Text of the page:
Mine is a regular torso length model and will accommodate torso lengths from
18" (45.7 cm.) to 22"(55.88 cm.), and came with trim medium shoulder straps
and a medium waist belt.
The frame sheet is a composite material molded in the shape of the human
back (sort of an "S" shape). There is also a stiffening channel in the shape
of a wish bone ( or Y shaped) molded into the frame sheet. The stiffening
channel causes the frame sheet to have good compression stiffness, while
still having a reasonable amount of axial flexibility. There is a hole in
the bottom portion of the frame sheet for attaching the hip belt with a
single Philips head screw. In the top portion, there are 2 rows of 5 holes,
for mounting and adjustment of the shoulder straps. The hole placement in my
frame sheet allow for adjustment for torso lengths from 18" ( 45.7 cm) to
22" (55.88 cm), in one inch increments.
The Ozone 3800's bag section is a simple top loader, with two water bottle
pockets. The bag is constructed from what appears to be a relatively light
weight black coated rip stop nylon. The back (the part facing your back),
bottom and compression wings on the face of the pack are reinforced with
heavy red pack cloth. There are 2 compression straps on each side of the
bag, and 2 compression straps attached to compression wings on the face of
the bag. At the top of the bag, is another pair of compression straps. One
strap provides axial compression of the bag opening, while the other
provides over the top compression.
There are buckles attached to the top corners of the bag for attaching the
load lifter straps, and buckles attached to the bottom corners for the
cruise control straps. The padding for the wearers back is attached to each
sides of the bag and forms a sleeve for the frame sheet to slide into.
Across the top back of the bag is a pocket, that the frame sheet slides
into. This pocket is attached to the back pad with a strap and buckle. Sewn
to the bottom of the back pad is a flap 6" (15.24 cm.) wide and 5" (12.7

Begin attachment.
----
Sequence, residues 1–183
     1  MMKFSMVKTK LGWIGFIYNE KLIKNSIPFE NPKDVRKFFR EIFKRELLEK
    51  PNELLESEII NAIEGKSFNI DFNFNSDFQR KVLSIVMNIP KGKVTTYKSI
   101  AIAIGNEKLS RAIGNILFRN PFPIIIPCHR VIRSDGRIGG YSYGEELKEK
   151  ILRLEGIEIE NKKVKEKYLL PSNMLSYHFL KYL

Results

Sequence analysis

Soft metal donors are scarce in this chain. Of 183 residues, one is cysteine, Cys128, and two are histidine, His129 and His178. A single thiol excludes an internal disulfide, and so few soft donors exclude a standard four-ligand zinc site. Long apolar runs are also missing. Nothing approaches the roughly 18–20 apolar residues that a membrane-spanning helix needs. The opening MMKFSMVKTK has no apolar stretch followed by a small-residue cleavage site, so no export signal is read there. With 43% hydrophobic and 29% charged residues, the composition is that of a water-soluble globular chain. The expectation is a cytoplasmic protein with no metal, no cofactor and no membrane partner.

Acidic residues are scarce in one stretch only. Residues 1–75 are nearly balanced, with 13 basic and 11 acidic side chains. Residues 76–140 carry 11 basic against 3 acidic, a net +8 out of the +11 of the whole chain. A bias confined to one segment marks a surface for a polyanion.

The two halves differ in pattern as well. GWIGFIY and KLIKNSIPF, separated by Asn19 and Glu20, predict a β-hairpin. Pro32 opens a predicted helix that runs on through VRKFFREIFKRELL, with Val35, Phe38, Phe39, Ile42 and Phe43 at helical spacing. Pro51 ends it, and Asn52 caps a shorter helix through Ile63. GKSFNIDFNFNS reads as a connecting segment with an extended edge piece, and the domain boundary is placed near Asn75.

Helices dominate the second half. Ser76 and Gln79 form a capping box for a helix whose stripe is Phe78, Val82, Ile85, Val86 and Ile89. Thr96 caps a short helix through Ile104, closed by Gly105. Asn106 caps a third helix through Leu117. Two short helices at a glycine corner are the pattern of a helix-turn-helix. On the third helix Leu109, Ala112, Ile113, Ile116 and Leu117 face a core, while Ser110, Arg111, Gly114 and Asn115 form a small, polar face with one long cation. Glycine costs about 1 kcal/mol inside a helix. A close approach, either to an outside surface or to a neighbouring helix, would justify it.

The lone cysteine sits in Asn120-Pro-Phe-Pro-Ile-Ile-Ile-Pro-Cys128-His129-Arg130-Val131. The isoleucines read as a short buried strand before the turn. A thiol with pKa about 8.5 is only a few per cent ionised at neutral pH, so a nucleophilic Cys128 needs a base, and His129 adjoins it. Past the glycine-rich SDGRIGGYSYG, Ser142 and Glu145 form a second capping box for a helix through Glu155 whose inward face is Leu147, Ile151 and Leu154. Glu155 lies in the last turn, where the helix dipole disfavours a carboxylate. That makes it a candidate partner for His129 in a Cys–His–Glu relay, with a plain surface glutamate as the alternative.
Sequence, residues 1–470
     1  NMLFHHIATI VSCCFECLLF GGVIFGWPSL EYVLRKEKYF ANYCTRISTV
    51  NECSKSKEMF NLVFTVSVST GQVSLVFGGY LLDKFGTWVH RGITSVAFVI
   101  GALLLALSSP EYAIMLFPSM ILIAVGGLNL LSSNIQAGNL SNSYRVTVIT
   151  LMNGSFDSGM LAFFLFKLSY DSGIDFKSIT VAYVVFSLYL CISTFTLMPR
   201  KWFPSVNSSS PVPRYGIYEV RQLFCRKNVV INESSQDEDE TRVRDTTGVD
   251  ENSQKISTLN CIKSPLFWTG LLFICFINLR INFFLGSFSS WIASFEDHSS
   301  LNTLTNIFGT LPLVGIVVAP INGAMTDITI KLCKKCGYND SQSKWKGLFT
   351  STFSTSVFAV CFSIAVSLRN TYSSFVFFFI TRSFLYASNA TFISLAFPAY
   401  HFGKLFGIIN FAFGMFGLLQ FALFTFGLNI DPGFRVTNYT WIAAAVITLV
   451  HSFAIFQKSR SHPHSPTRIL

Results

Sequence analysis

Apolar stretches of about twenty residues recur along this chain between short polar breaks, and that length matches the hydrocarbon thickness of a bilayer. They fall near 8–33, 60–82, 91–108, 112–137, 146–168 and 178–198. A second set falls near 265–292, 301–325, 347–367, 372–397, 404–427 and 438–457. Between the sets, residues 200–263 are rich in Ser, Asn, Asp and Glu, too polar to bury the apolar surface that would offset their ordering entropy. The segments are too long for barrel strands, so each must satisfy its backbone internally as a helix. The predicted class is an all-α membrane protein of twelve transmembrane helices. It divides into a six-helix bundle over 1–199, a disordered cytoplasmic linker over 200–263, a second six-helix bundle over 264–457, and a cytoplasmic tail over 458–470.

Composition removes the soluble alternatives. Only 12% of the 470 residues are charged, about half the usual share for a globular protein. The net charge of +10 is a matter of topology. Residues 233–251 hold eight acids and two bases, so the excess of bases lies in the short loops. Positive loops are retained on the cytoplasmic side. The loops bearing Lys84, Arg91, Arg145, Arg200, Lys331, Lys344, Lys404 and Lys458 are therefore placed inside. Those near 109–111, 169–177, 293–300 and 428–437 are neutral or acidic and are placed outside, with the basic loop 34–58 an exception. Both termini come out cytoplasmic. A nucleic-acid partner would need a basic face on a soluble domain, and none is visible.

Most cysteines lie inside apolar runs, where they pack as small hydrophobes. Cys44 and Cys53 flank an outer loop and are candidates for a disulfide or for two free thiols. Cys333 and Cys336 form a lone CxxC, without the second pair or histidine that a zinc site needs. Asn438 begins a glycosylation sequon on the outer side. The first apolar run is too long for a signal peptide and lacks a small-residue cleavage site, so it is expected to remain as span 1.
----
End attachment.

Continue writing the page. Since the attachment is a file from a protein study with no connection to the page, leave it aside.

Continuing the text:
cm.) long, the front side is Velcro, and mates with a large Velcro patch on
the center of the waist belt.
Note: The description assumes that the "bag" is the main body from the frame
sheet pocket to the bottom of the bag, and does not include the extension
collar. The extension collar extends about 19" (48cm.) above the bags main
The Ozone 3800's waist belt is laminated. The belt is constructed around a
plastic / composite backing which is slightly smaller than the belts
padding. The padding is attached to the plastic shell with a metal grommet
which is the attachment point to the frame sheet. The rest of the padding is
held in place on the shell with Velcro around the inside. The web belt and
buckles are attached to the shell as are the cruse control straps. To attach
the waist belt to the frame sheet, the metal grommet in the belt is slide
over a metal spool piece that passes through the frame sheet and attached
with a Philips screw, that screws into the spool piece. The 6"x5" Velcro
flap on the bottom of the pack bag folds over and attaches to the middle of
the belt, and helps dampen the rotation of the belt. The hip belt rotation
is controlled by the cruiser straps. Loosen the cruiser straps for more
rotation, tighten for less.
The shoulder straps appear to be a common shoulder strap design. Each
shoulder strap attaches to the top of the frame sheet via metal spool piece
through the frame sheet, and a Philips screw. The bottom of each shoulder
harness attaches to a straps from the lower corners of the pack's bag. The
shoulder harness also has a sternum strap.
After my initial inspection of the pack, I tried it on. The Ozone 3800
seemed too small with the medium straps, but the spread (distance
between )between the shoulder straps seemed adequate for my neck, so I got
out my screw driver and adjust the Ozone's suspension for a useable fit. By
extending the "trim medium" shoulder straps to there maximum length, they
felt useable. For a quick check, I loaded a pillow, then 25 pounds (11.3